Wall Street Journal
May 16, 2011
by Irwin Stelzer
There are three facets to the unfolding drama in euroland: the immediate finances and inevitable defaults; the post-default euro zone; and the political fallout.
The first, and most obvious, is the financial. It is now clear that for all practical purposes Greece is bust. Whether the default takes the form of haircuts—only partial repayments—or of "reprofiling" the debt so that creditors wait longer for their money is irrelevant. The rating agencies say either one is a default. Jean-Claude Trichet, head of the European Central Bank, says default is not in the cards. He must know, then, that Chancellor Angela Merkel is being economical with the truth when she says she will not agree to easing the terms or increasing the amount of the three-year €110 billion ($155 billion) Greek bailout. Her ability to find a way to back off her current position is complicated by the fact that Greece needs more than a minor uplift —€60 billion in addition to its €110 bailout—to get through 2013. She won't find it easy to ask her taxpayers for an even greater sacrifice when Greece is not meeting the targets it agreed when its euro-zone partners bailed it out: tax revenues are falling short, spending is exceeding targets, and the privatization program is far behind schedule. So it's more German money in return for more impossible-to-fulfill promises, or default.
Then there is Portugal. By a large majority, the Bundestag has approved the terms of that country's €78 billion bailout. But the terms, in some aspects more stringent than those dictated to Greece, make a restructuring of Portuguese debt a virtual certainty, even if Portugal meets Finland's demand that it sell off state assets.
The Greek government has agreed to auction off some €50 billion of state-owned assets. That, says Antonio Borges, director of the International Monetary Fund's European department, comes to only 20% of what could be sold off. But the trade unions are preparing for vigorous opposition of the sort that has so far prevented the effectuation of promised mergers and closures of hundreds of state organizations. Worse, two of Prime Minister George Papandreou's cabinet colleagues and close allies are opposed to the privatization program.
Which leaves Ireland, with its 14.7% unemployment rate, and debt equal to some 160% of its GDP. Morgan Kelly, holder of professorships in economics at University College, Dublin and Cornell University, writes: "With the Irish government on track to owe a quarter of a trillion euro by 2014, a prolonged and chaotic bankruptcy is becoming inevitable… National survival requires that Ireland walk away from the bailout."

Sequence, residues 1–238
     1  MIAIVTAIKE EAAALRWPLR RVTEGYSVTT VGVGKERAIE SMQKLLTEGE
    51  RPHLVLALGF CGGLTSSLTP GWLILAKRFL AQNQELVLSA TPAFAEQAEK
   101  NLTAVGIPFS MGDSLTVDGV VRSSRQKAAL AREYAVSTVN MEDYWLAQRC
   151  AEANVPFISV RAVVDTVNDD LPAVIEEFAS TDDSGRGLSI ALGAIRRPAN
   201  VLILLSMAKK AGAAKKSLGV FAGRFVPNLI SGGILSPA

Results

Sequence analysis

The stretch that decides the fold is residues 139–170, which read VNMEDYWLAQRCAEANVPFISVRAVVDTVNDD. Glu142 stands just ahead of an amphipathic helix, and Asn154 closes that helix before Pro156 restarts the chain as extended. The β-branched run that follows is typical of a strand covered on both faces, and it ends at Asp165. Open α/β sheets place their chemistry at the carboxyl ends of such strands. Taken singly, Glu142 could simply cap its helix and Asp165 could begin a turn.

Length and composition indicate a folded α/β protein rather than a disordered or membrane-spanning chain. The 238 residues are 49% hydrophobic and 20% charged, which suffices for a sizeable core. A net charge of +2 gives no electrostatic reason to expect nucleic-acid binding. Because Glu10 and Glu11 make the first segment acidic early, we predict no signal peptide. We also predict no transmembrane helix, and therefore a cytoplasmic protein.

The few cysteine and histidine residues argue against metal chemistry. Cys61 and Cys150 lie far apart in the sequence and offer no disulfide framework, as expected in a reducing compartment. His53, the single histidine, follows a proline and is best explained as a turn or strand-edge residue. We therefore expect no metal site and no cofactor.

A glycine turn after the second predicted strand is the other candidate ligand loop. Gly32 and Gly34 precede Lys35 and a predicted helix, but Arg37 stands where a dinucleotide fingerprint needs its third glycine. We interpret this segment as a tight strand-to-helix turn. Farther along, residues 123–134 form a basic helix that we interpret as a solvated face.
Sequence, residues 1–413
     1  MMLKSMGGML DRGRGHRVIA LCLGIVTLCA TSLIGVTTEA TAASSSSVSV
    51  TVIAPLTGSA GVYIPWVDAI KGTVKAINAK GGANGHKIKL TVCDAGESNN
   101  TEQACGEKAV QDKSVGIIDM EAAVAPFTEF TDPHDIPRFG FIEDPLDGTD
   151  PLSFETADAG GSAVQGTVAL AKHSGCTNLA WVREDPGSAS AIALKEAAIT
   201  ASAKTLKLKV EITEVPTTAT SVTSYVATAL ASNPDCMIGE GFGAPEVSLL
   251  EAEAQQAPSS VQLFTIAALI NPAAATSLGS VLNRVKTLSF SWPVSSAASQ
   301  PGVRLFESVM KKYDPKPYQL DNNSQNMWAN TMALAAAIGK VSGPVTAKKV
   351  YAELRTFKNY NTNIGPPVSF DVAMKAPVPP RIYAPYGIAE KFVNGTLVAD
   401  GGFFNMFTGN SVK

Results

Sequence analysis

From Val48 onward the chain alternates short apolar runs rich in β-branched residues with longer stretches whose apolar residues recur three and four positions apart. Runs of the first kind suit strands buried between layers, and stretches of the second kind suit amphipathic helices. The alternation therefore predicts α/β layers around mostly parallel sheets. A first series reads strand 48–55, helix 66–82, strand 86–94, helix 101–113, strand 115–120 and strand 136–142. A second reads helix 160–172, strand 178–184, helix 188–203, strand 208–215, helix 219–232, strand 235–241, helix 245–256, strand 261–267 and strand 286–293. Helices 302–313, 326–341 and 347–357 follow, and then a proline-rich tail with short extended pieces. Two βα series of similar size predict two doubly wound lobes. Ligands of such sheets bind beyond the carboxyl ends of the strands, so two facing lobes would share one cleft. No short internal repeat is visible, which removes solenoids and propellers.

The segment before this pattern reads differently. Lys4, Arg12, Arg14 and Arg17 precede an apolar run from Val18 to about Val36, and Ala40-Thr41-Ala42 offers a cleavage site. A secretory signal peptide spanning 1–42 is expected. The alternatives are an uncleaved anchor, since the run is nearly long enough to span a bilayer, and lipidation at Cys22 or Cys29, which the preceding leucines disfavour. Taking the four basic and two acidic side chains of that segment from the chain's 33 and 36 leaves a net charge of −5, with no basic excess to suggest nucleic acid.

He recommends withdrawing support for the banks, taking the tough step of balancing the budget, and thereby "disentan-gling ourselves from the loan sharks" at the ECB and euro-zone institutions. That won't happen soon, and bankruptcy might not come about precisely as Prof. Morgan describes, but its likelihood in some form mounts daily as Irish taxpayers increasingly object to years of hardship in order to save investors in and creditors to six privately owned banks
The second aspect is the post-default world, best summarized as après default, le déluge. Simon Tilford, chief economist at the Centre for European Reform, has done some interesting arithmetic that suggests that even after a default relieves Greece of interest burdens, its stagnant economy cannot produce sufficient revenues to reduce its still-huge deficits. Private investors will guess that Greece's euroland partners will not fund a second bailout, leaving Greece no choice but to regain competitiveness and growth by leaving the euro. Portugal will follow for the same reasons. Of course, that dénouement can be avoided if the north continuously ships money to the south. Not a platform on which many German, French and other politicians will wish to run.
The third aspect of the euro-zone woes is the political, which might prove in the end more consequential. If a transfer union is established to prevent exit from euroland—and never underestimate the power of the unelected eurocracy—the euro zone will consist of an angry group of rich northern countries, its taxes raised to support the profligate, and an equally angry group of poor peripheral countries, resentful at the loss of sovereignty and the harsh austerity that will be the price of a second bailout.
There are signs that nerves are frayed. The cherished goal of free movement of people within the EU is giving way to the re-erection of border controls to prevent one country from passing unwanted immigrants on to itsneighbors. France has increased its attacks on Ireland's low, 12.5% corporate tax rate, accusing it of lacking "financial solidarity." Germany is being criticized by some of its EU partners for its refusal to join the Libyan military campaign.
This no longer happy Band of Brothers seems unlikely to be capable of working as closely together as it has in the past. That might be the enduring legacy once the inevitable defaults become part of the history of euroland.
Irwin Stelzer is a Senior Fellow and Director of Economic Policy Studies for the Hudson Institute. He is also the U.S. economist and political columnist for The Sunday Times (London) and The Courier Mail (Australia), a columnist for The New York Post, and an honorary fellow of the Centre for Socio-Legal Studies for Wolfson College at Oxford University. He is the founder and former president of National Economic Research Associates and a consultant to several U.S. and United Kingdom industries on a variety of commercial and policy issues. He has a doctorate in economics from Cornell University and has taught at institutions such as Cornell, the University of Connecticut, New York University, and Nuffield College, Oxford.
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